It’s fascinating that Tim Geithner, who was portrayed in David Wessel’s In Fed We Trust as a man obsessed in getting the “theater” right during the great panic, so often comes across as the weak character in his run as Treasury secretary. So it is with Geithner’s attempt to hold together the global currency system — and with it the global trading system.
Today at the Brookings Institution, Geithner (kinda) scolded China for keeping its currency artificially low to maintain its export advantage. He said, “we believe it is very important to see more progress by the major emerging economies to more flexible, more market-oriented exchange rate systems. This is particularly important for those countries whose currencies are significantly undervalued. This is a problem because when large economies with undervalued exchange rates act to keep the currency from appreciating, that encourages other countries to do the same.”
I’m sure China, and the increasing number of countries imitating Chinese policies, will get right on this.
In fact, the United States is playing a weak hand. We’re deeply in debt to China, especially to finance our military adventures. We won’t unilaterally start a trade war, not least because so many American companies and American consumers are hooked on cheap Chinese labor and products. Then there’s the potential blowback from China in the form of canceled orders to Boeing, Caterpillar, etc.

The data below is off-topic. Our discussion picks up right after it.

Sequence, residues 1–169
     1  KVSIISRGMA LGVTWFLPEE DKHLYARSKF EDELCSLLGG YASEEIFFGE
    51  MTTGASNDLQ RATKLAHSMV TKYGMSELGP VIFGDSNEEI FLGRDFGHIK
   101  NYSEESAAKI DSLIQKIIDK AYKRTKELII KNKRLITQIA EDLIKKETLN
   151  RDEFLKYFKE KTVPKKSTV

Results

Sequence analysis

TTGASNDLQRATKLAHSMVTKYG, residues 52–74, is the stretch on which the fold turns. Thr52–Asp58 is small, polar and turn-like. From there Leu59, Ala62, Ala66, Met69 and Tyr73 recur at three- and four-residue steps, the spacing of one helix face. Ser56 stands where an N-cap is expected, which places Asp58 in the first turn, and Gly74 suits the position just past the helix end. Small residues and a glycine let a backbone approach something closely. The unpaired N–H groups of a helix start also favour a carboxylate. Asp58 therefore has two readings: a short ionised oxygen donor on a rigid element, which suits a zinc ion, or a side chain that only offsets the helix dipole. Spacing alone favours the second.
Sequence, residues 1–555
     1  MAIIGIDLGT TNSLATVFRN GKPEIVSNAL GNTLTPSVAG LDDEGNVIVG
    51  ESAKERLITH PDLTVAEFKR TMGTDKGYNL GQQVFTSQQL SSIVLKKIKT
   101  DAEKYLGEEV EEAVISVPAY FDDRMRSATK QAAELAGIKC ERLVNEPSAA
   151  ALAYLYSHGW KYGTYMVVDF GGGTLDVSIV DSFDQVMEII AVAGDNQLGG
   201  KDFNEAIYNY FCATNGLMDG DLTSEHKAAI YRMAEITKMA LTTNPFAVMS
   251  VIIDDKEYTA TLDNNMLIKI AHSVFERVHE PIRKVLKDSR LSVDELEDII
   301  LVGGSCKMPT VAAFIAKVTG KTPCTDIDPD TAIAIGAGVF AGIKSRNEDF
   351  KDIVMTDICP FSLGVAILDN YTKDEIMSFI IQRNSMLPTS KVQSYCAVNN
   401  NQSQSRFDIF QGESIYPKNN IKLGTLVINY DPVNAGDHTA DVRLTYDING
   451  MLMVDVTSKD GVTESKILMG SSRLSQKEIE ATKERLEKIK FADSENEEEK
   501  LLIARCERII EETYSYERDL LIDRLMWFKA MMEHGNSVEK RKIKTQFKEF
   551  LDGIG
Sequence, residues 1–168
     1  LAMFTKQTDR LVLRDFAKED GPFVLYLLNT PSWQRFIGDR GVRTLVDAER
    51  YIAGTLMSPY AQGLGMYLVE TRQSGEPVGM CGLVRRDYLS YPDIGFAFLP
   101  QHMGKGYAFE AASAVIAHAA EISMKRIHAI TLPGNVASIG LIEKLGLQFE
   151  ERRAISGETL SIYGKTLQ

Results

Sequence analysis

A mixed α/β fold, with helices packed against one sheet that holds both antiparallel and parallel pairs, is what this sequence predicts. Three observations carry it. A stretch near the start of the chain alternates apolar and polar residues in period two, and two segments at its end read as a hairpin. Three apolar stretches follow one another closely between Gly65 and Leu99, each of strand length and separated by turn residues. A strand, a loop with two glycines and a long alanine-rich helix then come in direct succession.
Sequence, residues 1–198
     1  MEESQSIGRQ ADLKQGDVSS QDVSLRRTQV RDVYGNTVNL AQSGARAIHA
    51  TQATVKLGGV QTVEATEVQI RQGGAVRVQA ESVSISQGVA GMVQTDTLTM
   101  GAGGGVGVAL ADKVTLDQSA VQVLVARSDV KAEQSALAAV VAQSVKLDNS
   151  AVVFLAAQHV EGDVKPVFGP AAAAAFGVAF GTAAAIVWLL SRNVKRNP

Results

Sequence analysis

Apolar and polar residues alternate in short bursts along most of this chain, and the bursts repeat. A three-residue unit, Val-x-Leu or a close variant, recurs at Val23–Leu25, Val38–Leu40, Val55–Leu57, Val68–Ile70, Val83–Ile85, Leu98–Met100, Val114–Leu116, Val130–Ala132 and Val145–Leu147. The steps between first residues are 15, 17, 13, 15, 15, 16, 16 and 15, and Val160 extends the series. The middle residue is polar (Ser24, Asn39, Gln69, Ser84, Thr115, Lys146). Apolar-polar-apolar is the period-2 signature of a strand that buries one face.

The renminbi is undervalued, but it’s only one of many ways that China plays by its own rules in international trade. So even if China allowed its currency to float tomorrow, it would produce only a modest improvement for American workers and the dwindling number of (real) mid-sized and small American manufacturers. Jobs would continue to be sent offshore. Intellectual property would continue to be in danger. China would keep moving ahead with its protected strategic industries. Major corporations nominally headquartered in America would play along.
The uncomfortable conclusion is that the world monetary and trading system put in place by the United States after World War II is crumbling. What will replace it is anyone’s bet, but China will be highly influential.
Today’s Econ Haiku:
The IMF says
Expect slower growth next year
That’s a big surprise